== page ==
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Leaving the stage

Leaving the stage

A sad week at The Booker Prizes. The death of Sir Ronald Harwood, a long-term trustee of the Booker Prize Foundation, was announced just a week before this year’s Booker Prize shortlist is revealed. Ronnie was known to the outside world as a distinguished playwright, author of The Dresser and Oscar winner for his screenplay for The Pianist, but to the Prize and those who work behind its scenes, he was a gregarious, amusing and committed colleague. As is sometimes the case with people who wear their distinction lightly, it was easy to forget in his company that he had such a stellar career – first as an actor then as a writer with 21 stage plays, 10 books and 16 screenplays to his name, plus the presidency of the writers’ charity PEN and PEN International, chairmanship of the Royal Society of Literature and presidency of the Royal Literary Fund. A knighthood and an OBE topped off his spectacular accumulation of honours. As this list shows, Ronnie’s life revolved around writers and the written word but he will be remembered by the Booker Prize family as the grandee who was anything but grand.

As if to prove that The Booker Prizes never sleep, no sooner has The 2020 International Booker Prize anointed its winners – Marieke Lucas Rijneveld and Michele Hutchison – than it announces the judges for next year’s iteration. The panel comprises the cultural historian and novelist Lucy Hughes-Hallett (chair), the journalist Aida Edemariam, the novelist Neel Mukherjee, the Professor of the History of Slavery Olivette Otele, and the poet, translator and biographer George Szirtes. They are a distinguished crew: Mukherjee is familiar with the prize razzmatazz as a former Man Booker shortlistee in 2014, in 2015 Szirtes won The International Booker Prize himself as translator of László Krasznahorkai’s works, and Hughes-Hallett is a former winner of the Bookers’ sister prize for non-fiction, the Samuel Johnson Prize, now The Baillie Gifford Prize. Indeed, between them, the panel have accumulated so many awards and gongs that they can barely walk. Perhaps that’s just as well. They will be reading solidly from now until March next year when they will emerge blinking in the light with their longlist.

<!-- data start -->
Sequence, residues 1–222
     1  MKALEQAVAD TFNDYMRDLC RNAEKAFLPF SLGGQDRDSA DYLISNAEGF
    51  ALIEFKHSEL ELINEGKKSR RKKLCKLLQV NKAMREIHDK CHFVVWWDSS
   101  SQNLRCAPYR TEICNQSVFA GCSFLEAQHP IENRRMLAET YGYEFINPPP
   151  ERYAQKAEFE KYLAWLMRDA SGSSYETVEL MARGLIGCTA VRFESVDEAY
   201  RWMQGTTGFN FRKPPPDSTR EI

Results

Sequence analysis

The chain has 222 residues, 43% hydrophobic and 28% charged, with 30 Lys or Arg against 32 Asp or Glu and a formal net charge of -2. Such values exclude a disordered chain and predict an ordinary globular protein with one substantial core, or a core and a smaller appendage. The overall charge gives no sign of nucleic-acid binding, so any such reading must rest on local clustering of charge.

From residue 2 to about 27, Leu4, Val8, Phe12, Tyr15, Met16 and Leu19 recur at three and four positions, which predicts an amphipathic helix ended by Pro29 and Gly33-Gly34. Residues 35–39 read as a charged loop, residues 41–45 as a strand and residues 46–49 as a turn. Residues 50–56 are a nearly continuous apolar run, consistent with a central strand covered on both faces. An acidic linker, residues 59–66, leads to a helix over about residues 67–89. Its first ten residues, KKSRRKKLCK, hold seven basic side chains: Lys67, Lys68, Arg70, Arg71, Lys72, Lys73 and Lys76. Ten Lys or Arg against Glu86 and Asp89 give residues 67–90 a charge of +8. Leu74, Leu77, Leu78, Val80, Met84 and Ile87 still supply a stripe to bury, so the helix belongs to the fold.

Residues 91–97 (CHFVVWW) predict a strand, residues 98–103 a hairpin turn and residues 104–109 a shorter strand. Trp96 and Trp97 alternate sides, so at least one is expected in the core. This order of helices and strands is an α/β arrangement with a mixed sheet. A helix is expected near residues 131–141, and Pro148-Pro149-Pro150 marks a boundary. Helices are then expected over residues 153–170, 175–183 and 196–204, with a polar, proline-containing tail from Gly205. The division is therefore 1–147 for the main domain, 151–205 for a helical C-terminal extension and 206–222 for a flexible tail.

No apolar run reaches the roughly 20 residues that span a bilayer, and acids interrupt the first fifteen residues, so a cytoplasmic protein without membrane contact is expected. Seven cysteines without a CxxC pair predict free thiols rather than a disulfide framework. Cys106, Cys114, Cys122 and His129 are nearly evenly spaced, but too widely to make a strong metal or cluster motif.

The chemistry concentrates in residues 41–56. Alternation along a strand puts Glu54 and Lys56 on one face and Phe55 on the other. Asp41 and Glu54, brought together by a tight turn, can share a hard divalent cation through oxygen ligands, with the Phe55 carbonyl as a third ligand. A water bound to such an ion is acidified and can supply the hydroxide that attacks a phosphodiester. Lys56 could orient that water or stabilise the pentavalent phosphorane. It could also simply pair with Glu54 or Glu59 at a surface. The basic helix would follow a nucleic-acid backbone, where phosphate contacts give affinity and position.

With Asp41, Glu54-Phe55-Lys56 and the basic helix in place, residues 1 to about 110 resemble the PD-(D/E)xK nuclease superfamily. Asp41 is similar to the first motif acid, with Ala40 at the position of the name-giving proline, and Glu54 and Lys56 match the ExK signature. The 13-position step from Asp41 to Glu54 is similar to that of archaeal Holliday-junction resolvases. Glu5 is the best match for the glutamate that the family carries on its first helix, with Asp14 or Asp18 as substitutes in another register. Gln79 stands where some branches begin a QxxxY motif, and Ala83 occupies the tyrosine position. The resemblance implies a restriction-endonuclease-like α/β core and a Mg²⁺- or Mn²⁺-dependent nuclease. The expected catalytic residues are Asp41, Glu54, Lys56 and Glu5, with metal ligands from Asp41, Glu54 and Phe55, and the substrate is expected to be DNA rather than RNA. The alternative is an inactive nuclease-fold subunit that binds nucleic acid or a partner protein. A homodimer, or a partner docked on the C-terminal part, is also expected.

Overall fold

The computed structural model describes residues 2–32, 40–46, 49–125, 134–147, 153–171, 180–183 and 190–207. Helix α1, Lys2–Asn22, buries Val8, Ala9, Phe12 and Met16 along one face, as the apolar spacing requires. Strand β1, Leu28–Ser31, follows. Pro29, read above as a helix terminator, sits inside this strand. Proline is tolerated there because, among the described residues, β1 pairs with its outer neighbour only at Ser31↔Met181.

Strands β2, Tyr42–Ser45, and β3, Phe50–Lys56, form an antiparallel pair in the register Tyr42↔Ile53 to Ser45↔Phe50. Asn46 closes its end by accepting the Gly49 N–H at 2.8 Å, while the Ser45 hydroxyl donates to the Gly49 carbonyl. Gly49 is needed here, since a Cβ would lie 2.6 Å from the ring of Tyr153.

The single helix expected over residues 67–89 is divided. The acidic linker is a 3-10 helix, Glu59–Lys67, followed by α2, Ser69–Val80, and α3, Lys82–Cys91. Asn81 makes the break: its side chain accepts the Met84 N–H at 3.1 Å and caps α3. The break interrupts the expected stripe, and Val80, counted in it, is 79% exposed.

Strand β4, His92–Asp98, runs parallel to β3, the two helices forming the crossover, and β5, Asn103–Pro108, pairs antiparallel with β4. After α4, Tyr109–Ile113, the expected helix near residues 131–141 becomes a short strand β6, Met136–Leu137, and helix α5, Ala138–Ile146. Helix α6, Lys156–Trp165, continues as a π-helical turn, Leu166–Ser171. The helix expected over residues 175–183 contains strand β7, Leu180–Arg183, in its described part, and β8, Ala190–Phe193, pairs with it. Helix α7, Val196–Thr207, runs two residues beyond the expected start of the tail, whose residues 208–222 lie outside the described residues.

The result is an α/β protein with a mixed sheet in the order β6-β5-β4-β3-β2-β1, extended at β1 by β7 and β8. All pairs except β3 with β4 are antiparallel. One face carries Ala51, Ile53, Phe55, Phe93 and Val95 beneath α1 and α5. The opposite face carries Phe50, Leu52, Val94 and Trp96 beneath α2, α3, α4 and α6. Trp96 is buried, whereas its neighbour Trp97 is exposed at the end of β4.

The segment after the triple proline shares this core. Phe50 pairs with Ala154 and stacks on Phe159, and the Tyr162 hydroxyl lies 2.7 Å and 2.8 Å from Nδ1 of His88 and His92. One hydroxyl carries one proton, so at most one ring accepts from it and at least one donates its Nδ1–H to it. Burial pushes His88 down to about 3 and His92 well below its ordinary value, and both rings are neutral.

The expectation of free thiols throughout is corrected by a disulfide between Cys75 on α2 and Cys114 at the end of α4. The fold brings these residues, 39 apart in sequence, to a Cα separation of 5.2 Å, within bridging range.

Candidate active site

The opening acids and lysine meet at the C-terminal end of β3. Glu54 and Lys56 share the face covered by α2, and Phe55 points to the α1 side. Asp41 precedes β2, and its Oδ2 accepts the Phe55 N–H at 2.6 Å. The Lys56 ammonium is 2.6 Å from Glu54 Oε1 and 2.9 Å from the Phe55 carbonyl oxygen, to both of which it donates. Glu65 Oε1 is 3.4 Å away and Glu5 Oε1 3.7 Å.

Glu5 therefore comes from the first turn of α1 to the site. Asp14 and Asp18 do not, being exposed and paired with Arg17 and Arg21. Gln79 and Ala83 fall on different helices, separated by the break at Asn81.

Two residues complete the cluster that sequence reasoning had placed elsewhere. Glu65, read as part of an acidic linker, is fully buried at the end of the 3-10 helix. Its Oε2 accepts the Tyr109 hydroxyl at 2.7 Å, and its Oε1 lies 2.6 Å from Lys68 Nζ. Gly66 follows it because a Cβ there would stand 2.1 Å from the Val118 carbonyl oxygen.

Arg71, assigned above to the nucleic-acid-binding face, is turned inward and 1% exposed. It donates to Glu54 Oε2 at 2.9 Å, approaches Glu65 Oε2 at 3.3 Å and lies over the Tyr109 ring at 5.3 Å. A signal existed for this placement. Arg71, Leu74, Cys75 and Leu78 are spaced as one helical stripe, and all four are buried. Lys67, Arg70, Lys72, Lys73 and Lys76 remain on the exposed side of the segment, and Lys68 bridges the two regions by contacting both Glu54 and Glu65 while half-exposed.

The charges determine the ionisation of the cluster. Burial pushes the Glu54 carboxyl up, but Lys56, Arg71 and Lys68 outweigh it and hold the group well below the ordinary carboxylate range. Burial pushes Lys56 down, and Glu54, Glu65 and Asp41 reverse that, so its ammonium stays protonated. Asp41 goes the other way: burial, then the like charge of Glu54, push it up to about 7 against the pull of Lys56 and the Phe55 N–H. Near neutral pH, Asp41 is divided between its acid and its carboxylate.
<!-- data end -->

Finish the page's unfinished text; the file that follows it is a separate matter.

It is invidious to single out a particular literary festival when the country has so many that are fighting the good fight for literature at all times and not just in these difficult ones, but the Budleigh Salterton Literary Festival, which runs from 16 to 20 September, offers a delight most other festivals can’t match. The Devon seaside town is, of course, the home of The Booker Prize heroine Hilary Mantel (who will find out next week whether she has made the shortlist for the third time), and her support for the festival – she is its president – has undoubtedly helped it draw in some big names. She though is the biggest name of them all, and will kick off proceedings with James Naughtie. Jim, a BBC Special Correspondent and Booker Prize Foundation trustee, also has a book of his own out, a survey of his experiences of American politics called On the Road, which, like The Mirror and the Light, was stymied by the arrival of the coronavirus. What gives their encounter piquancy, however, is that Naughtie was chair of judges when Mantel was awarded her first Booker Prize, for Wolf Hall, and everything changed for her. So, appropriately, they have history.

A nice addition for Zadie Smith’s mantelpiece. The double Booker Prize nominee (for On Beauty and Swing Time) has just been made an honorary fellow of the Royal Academy. The RA is, of course, an organisation run by its members for its members and receives no public funds. This means it can be very particular about who it honours. Smith is not a painter or sculptor (at least not that we know of) so becoming a full academician is off limits but this latest recognition is proof that a good artist is a good artist, whatever form their work takes. 

A diary reminder: The 2020 Booker Prize shortlist will be unveiled on Tuesday 15 September at 5pm BST on the Booker Prizes’ YouTube channel and  Facebook page. Margaret Busby, chair of judges, will be joined by her fellow deliberators to discuss their choices. The reveal is a chance to consider the list in relative peace and quiet before the world piles in with its annual barrage of approval, criticism, mystification, and chatter.